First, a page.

1.B.2.g. Write equations and inequalities that describe real-world problems.

1.C.1. Numeric and Graphic Representations of Relationships: Locate points on a number line and in a coordinate plane.

1.C.1.a. Graph linear equations in a coordinate plane (Assessment limit: Use two unknowns having integer coefficients (-9 to 9) and integer constants (-20 to 20)).

1.C.2. Numeric and Graphic Representations of Relationships: Analyze linear relationships.

1.C.2.a. Determine the slope of a graph in a linear relationship (Assessment limit: Use an equation with integer coefficients (-9 to 9) and integer constants (-20 to 20) and a given graph of the relationship).
1.C.2.b. Determine the slope of a linear relationship represented numerically or algebraically.

MD.2.0. Knowledge Geometry: Students will apply the properties of one-, two-, or three-dimensional geometric figures to describe, reason, or solve problems about shape, size, position, or motion of objects.

2.A.1. Properties of Plane Geometric Figures: Analyze the properties of plane geometric figures.

2.A.1.b. Identify and describe the relationship among the parts of a right triangle (Assessment limit: Use the hypotenuse or the legs of right triangles).

2.A.2. Properties of Plane Geometric Figures: Analyze geometric relationships.

2.A.2.b. Apply right angle concepts to solve real-world problems (Assessment limit: Use the Pythagorean Theorem).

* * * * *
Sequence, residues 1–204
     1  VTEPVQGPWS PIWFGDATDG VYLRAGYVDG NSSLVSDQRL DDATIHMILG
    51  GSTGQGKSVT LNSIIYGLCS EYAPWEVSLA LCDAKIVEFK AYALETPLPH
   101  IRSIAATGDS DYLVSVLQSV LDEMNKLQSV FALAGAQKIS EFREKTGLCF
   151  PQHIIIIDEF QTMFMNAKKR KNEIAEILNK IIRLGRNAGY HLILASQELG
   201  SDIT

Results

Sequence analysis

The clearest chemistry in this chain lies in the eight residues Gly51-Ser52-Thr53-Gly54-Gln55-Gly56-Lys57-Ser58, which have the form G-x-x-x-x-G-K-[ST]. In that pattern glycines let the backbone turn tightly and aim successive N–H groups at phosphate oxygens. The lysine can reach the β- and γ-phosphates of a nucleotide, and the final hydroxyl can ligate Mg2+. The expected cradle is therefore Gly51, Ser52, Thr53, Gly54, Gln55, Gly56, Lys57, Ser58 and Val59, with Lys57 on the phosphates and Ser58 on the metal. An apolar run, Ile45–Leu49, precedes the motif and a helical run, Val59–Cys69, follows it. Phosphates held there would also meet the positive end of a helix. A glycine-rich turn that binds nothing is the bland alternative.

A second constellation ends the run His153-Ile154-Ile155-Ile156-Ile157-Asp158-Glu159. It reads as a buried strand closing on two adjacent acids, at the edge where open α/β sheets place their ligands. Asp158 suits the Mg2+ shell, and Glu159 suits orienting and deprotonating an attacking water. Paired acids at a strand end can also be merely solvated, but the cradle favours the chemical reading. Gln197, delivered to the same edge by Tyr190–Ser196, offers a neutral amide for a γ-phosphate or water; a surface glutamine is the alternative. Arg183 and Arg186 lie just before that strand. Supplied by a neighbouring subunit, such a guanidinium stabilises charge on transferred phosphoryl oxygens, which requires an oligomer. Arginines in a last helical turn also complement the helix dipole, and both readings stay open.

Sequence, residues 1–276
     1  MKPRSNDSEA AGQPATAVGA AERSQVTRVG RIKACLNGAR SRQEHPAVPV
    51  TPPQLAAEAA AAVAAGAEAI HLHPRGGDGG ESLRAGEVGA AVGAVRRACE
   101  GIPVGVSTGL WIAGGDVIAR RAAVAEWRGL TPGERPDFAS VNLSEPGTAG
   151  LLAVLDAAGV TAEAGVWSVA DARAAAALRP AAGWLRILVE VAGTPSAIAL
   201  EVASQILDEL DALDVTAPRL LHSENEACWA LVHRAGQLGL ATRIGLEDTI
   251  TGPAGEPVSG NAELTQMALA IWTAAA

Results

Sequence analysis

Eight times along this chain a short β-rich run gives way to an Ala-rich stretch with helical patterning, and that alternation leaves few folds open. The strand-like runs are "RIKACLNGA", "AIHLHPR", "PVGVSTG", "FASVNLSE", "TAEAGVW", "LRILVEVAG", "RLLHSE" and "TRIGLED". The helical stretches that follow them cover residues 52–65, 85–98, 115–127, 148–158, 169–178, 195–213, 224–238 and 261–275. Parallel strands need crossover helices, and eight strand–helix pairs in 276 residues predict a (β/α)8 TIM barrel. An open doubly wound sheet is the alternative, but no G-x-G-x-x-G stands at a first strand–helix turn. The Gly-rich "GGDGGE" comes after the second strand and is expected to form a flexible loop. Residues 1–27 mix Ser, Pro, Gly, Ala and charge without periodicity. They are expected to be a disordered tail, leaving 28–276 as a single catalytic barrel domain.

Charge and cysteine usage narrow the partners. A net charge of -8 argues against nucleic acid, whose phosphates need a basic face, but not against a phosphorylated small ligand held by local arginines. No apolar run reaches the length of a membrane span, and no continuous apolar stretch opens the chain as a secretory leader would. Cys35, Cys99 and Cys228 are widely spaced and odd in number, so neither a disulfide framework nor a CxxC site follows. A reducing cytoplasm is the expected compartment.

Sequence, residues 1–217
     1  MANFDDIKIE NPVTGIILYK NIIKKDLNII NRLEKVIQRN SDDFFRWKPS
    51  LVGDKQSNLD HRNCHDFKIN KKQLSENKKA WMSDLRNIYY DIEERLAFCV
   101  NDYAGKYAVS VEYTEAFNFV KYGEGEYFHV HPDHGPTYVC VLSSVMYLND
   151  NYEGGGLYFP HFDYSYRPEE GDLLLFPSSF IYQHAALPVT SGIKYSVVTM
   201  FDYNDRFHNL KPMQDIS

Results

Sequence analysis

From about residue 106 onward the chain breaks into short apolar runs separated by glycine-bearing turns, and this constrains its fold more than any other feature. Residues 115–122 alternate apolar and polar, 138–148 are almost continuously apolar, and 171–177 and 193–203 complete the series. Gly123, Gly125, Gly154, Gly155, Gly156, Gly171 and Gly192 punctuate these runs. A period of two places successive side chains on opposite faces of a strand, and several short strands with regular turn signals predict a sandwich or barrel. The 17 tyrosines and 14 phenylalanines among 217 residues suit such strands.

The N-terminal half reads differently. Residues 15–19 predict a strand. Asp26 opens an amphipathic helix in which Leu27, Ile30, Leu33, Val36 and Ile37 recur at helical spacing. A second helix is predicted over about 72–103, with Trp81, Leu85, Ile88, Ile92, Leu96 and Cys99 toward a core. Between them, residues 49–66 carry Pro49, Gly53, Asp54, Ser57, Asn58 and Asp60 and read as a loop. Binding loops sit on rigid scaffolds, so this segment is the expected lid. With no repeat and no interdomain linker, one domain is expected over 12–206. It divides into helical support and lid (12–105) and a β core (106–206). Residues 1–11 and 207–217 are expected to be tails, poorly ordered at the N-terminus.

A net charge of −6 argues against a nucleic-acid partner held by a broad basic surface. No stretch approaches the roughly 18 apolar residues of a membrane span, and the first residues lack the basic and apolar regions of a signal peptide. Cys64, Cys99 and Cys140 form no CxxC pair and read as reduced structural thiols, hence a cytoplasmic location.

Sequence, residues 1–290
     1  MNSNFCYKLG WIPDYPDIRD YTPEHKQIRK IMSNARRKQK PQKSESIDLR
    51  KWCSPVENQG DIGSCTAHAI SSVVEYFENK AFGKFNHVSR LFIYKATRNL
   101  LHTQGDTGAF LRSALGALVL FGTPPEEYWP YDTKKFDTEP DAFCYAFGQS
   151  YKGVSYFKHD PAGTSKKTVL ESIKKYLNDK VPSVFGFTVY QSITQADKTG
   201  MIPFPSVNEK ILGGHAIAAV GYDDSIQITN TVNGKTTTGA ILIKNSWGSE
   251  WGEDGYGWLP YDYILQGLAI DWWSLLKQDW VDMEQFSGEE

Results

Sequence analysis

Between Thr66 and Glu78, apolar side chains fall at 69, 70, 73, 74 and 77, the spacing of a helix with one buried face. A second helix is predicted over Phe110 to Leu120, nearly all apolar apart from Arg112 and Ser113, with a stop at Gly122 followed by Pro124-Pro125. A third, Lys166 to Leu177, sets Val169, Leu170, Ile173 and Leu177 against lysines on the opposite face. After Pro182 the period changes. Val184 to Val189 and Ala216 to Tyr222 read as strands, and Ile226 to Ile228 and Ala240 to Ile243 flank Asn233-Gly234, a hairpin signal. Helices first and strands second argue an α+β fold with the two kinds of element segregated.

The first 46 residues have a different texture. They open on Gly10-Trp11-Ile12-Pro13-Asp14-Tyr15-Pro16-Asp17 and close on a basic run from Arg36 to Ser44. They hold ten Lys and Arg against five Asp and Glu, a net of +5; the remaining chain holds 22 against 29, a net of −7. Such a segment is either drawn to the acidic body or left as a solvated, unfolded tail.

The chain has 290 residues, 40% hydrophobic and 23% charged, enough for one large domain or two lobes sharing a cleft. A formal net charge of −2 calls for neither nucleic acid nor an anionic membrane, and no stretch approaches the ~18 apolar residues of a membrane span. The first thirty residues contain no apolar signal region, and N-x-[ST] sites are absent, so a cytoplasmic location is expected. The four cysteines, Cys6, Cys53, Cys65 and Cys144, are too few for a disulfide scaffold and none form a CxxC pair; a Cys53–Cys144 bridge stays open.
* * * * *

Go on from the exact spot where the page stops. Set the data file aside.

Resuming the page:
2.A.2.c. Determine whether three given side lengths form a right triangle.

2.D.1. Congruence and Similarity: Apply the properties of similar polygons.

2.D.1.a. Determine similar parts of polygons (Assessment limit: Use the length of corresponding sides or the measure of corresponding angles and rational numbers with no more than 2 decimal places (0 - 1000)).

MD.3.0. Knowledge of Measurement: Students will identify attributes, units, or systems of measurements or apply a variety of techniques, formulas, tools, or technology for determining measurements.

3.C.1. Applications in Measurement: Estimate and apply measurement formulas.

3.C.1.a. Estimate and determine the circumference or area of a circle (Assessment limit: Include circles using rational numbers with no more than 2 decimal places (0 - 10,000)).
3.C.1.c. Estimate and determine the volume of a cylinder (Assessment limit: Use cylinders, the given the formula, and whole number dimensions (0 - 10,000)).
3.C.1.d. Determine the volume of cones, pyramids, and spheres.
3.C.1.e. Determine the surface area of cylinders, prisms, and pyramids.

3.C.2. Applications in Measurement: Analyze measurement relationships.

3.C.2.a. Use proportional reasoning to solve measurement problems (Assessment limit: Use proportions, scale drawings with scales as whole numbers, or rates using whole numbers or decimals (0 - 1000)).

MD.4.0. Knowledge of Statistics: Students will collect, organize, display, analyze, or interpret data to make decisions or predictions.

4.A.1. Data Displays: Organize and display data.